By Zilla Efrat 

You’ve spent a lot of time building up your business, so you’d want to maximise its value when you leave it. That’s why having an exit strategy is crucial for any small business owner. 

It also helps ensure you leave the business on your own terms at a time that suits you and that the business can continue without you as the owner. 

But before you start, you need to know where you want to end up. How do you expect to exit the business? Will you sell it to another party, shut it down or pass it on to a family member? Will you exit it immediately or transition out of it? And why are you selling it? To boost your wealth, change careers or for lifestyle reasons? 

Once you know your destination, you can start preparing a map of how to get there. 

Understanding your potential buyers

If you want to sell the business, it’s important to assess who is likely to buy it –for example, someone with cash looking for a career change, an investor or a competitor that wants your location, customers, intellectual property or cross-selling opportunities. 

Could you explore a merger with another business or would your managers or staff buy you out?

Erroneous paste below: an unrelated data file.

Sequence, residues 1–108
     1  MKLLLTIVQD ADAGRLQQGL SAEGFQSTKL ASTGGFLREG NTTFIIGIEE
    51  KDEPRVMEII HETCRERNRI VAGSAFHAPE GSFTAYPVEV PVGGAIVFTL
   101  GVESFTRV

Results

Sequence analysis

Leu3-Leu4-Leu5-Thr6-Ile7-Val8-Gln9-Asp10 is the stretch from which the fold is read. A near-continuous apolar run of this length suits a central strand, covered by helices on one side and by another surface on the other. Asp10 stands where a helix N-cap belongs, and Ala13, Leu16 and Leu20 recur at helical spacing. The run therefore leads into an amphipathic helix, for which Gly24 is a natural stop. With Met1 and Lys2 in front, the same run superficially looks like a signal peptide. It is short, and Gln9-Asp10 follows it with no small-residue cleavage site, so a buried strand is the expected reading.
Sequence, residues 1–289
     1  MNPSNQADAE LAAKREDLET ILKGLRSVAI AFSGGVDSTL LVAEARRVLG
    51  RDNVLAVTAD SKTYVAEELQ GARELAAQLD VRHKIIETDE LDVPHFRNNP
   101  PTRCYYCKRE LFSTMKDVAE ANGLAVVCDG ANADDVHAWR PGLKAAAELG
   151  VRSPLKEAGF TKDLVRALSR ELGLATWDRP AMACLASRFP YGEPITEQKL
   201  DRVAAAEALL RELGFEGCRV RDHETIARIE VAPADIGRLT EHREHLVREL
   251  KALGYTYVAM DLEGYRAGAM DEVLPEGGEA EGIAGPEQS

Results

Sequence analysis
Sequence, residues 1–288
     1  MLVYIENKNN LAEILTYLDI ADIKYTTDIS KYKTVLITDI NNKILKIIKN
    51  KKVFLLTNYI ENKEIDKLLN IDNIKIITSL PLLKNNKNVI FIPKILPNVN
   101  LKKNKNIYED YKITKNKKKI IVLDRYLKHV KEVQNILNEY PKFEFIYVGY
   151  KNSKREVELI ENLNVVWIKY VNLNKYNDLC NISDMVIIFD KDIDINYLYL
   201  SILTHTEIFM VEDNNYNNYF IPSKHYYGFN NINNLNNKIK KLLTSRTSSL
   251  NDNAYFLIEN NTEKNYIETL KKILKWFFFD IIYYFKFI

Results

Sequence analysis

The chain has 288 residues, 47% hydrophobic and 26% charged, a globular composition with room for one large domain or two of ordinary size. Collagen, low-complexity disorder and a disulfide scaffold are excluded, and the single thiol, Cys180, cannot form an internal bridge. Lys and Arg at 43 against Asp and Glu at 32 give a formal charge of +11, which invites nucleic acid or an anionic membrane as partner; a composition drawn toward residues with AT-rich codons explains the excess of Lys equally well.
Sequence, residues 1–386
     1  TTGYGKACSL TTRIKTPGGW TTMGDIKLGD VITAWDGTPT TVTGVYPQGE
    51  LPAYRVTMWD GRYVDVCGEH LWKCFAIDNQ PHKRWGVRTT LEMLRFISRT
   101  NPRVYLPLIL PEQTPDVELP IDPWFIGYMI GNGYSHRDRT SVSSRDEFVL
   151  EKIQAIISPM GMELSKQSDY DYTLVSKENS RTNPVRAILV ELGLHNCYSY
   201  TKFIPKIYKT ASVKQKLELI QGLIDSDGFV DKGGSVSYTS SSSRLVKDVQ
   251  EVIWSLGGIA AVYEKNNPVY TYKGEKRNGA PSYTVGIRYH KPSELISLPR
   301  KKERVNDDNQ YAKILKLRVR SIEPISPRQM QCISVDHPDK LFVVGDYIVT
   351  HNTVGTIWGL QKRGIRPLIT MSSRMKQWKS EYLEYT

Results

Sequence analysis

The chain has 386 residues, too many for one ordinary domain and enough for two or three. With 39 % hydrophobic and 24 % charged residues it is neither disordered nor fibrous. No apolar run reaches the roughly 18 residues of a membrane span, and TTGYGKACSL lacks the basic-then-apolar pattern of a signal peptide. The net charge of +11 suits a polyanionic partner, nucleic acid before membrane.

Understanding the potential buyers’ needs will guide in how you prepare the business to look the most attractive to them at the time of sale. 

Accentuate the positives

To boost your selling price, you will need to work on increasing the profitability of the business.  

This means finding the strengths of your business and then growing them. It also means improving aspects such as the management team, operational processes and brand. Reducing costs, making use of new technology and enhancing your customer service are other tactics that might help. 

Also, look at what your competitors are doing and how you can match or beat them. 

Lose the negatives

To enhance the attractiveness of your business, consider if you need to remove any factors that could put buyers off.  

One of these is key person risk – the risk that the business is largely dependent on your knowledge and skills, or that you are the face of the business. 

Ways to reduce this risk are to document all processes and procedures so that others can step in and follow them. You could also start delegating more of your tasks to others in the business and investing time and resources in training staff or potential successors. And, if your brand or business name is tied to you, it may be necessary to rebrand. 

It’s also important to keep accurate accounting records. Buyers usually want to see at least two years of accounting and financial records. They will be looking for stable growth and profitability and will not be encouraged by a lot of volatility in your financial performance. 

Your level of debt and how your financing is structured could also leave them unimpressed.  

You will need to consider whether you will pay off the debt from the proceeds of a sale or if the debt will be taken over by the buyer. Whatever the case, working on reducing your debt will pay off.